Wednesday, 2 October 2013

The Tailor's Tale (Spring Tune-up, May 1, 2004)

By THLaird Colyne Stewart

Pull up a chair, stranger. Sit down and have a drink. The ale's not too bad here, but I'd avoid the wine if I was you. The Jaunty Troll is not known for its wine, but by St. Crispinus they serve a good ale!
By your looks I'd wager you're a merchant, my friend. Come up to sell us northerners some of your southron wares, are ya? Hah! You may find it hard to sell some of your thin cloth this month, as the ghost of winter is lingering in these parts, I fear.

It's Spring, or so they tell us, but you'd never know it to look out those windows, would you? Cold and damp, its more like November than May. What's more, in some parts round 'bout here, there's been snow!
In fact, on New Year's Day it was awful damp! I'm a tailor by trade, and I thought I'd go to the annual Spring Tune-up, held in the Canton of Caer Draeth, to get some business. See, it was being held on New Year's Day this year, and there was to be a masked ball to celebrate, so I thought I might be able to get a few gentles to part with some coin for a costume or two to go with their masks.

Well, when I set out in the dark dawn it was so foggy that the light from my lantern could barely penetrate it. I was worried I'd loose my way, perhaps fall prey to bandits, but luckily the barony's army kept the roads cleared of brigands, and the fog eventually lifted. However, what I saw when I could see again was not good! For the king's engineers had decided to shut down large stretches of the King's Highway. Now mind you, I ain't criticizing the king, heaven forbid, or his engineers either, it was just an inconvenience as the lines of wagons and wains was awful long.

I decided to go off into the woods, as I do know some short cuts through there from my younger days, of which I will not bore you. It took a while, but eventually I made my way to another great road and soon I was approaching the hall. I could see some brave archers out in the wet, for it was raining again, and the yard about the hall was more water than dirt.

I heard there was supposed to be some horse riding, and some atl atl throwing outside (atl atl being some kind of spear sized arrow, or so my friend Timothy tells me), but all that was shut down by the rain.
Gaining admittance, I set up my booth and did indeed manage to sell a few items of clothing. From time to time I'd pay a young lad to watch the booth so I could wander a bit and stretch my legs. Due to the inclement weather outside, the hall inside had a tendency to be damp, and my poor joints swelled up something fierce.

To pass the time, I enlisted my services with the marshal and helped watch over the knights and squires and lords and ladies at tournament upon the list field. I don't know if the weather had made them surly, but there were a few occasions of raised voices. Now stranger, I'm no gossip, and names wouldn't mean anything to you if I said them, so I'll leave that part there.

I got so caught up in the tourneys, that I forgot about my booth altogether, and by the time I got back to it I found the lad fast asleep. Luckily nothing was missing, and I sent the lad off with a penny and a finger wagging. After locking up my gear in my wagon, I wandered into the feast hall where I volunteered my services. With several other good gentles I served up brimming bowls and laden plates, all over loaded with humus, sausages, chicken, fried tomatoes, beef in a coffin and many other dishes. My compatriots and I were given our own food to eat, and we fell to it at the back of the hall with gusto! A few brave souls stood up to entertain the crowd during the meal, singing jolly songs.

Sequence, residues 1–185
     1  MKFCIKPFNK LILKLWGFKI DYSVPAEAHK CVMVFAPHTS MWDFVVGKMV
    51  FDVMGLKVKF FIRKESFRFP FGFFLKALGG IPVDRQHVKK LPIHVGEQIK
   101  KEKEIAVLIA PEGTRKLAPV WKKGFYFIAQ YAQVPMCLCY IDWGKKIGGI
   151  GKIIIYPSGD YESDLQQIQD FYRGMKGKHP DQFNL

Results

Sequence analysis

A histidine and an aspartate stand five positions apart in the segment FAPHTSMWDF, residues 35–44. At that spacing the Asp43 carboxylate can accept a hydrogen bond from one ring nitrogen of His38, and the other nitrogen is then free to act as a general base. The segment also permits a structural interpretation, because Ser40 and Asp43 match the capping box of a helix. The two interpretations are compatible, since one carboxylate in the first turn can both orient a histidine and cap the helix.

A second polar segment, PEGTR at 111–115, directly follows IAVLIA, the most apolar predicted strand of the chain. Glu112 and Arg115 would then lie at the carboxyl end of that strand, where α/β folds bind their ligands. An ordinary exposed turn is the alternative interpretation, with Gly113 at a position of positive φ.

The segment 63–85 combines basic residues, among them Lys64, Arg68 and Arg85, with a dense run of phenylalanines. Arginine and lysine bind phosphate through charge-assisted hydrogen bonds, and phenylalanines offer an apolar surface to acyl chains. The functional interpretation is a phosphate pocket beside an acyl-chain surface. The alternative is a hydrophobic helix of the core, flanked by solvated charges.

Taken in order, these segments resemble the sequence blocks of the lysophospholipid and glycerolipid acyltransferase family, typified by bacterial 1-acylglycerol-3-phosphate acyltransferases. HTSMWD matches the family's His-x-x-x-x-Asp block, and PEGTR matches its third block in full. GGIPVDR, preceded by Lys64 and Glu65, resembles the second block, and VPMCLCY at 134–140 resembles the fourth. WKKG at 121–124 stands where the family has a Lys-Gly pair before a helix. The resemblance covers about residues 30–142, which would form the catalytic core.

After the meal there was to be a court. Their Majesties Ealdormere processed to the front of the hall, and they asked Their Excellencies Septentria to join them, praising them for the work they had done maintaining the lands they held for the Crown. Their Excellencies Ramshaven were also invited to sit by Their royal side.

Perhaps the most memorable moment during the court, stranger, was when Baroness Ursula na Clan na Rath was called for. Her Excellency was actually in a room overlooking the court. A page went forth to tell Her Excellency that she had been summoned, and all present witnessed the resulting reaction. Namely, her jumping up and throwing her arms around the hall's bar! Deciding that more force than the page was required, Her Majesty Marion II, followed by spear bearers, went to persuade Ursula to come to court. His Majesty Berus II, seeing that even this persuasion was failing, decided that if the baroness would not come to court, court would come to the baroness. Therefore Baroness Ursula was inducted into the Order of the Wain in the bar. His Majesty, announcing that there was no further business, and that the bar was open for business, then closed court.

A masked ball was then held under the guidance of Lord Darius the Dancer and Lady Catharine of Eoforwic, both clad in green man masks gifted to them by Their Majesties. Many good gentles danced the better part of the night away, clad in masks they had purchased or created that very day.

It was a good day stranger, and many tales of it could be told. Such as what was behind the Septentrian herald's remark, when he led Baron Corwyn into court as "he who brings sunshine." Tell you what, friend; buy me an ale, and I'll tell you all about it!


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